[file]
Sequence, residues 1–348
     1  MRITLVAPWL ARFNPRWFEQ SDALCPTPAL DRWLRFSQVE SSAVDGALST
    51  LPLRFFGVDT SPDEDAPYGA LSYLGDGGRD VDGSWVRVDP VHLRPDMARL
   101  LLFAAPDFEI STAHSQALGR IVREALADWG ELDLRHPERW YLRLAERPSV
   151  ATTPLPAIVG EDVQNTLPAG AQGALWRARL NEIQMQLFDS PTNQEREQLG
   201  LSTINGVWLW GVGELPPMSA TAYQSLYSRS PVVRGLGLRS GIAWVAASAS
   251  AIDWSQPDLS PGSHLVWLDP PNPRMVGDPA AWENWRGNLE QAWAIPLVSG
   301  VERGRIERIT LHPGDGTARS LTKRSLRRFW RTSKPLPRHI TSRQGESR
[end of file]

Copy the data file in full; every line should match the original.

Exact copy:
Sequence, residues 1–348
     1  MRITLVAPWL ARFNPRWFEQ SDALCPTPAL DRWLRFSQVE SSAVDGALST
    51  LPLRFFGVDT SPDEDAPYGA LSYLGDGGRD VDGSWVRVDP VHLRPDMARL
   101  LLFAAPDFEI STAHSQALGR IVREALADWG ELDLRHPERW YLRLAERPSV
   151  ATTPLPAIVG EDVQNTLPAG AQGALWRARL NEIQMQLFDS PTNQEREQLG
   201  LSTINGVWLW GVGELPPMSA TAYQSLYSRS PVVRGLGLRS GIAWVAASAS
   251  AIDWSQPDLS PGSHLVWLDP PNPRMVGDPA AWENWRGNLE QAWAIPLVSG
   301  VERGRIERIT LHPGDGTARS LTKRSLRRFW RTSKPLPRHI TSRQGESR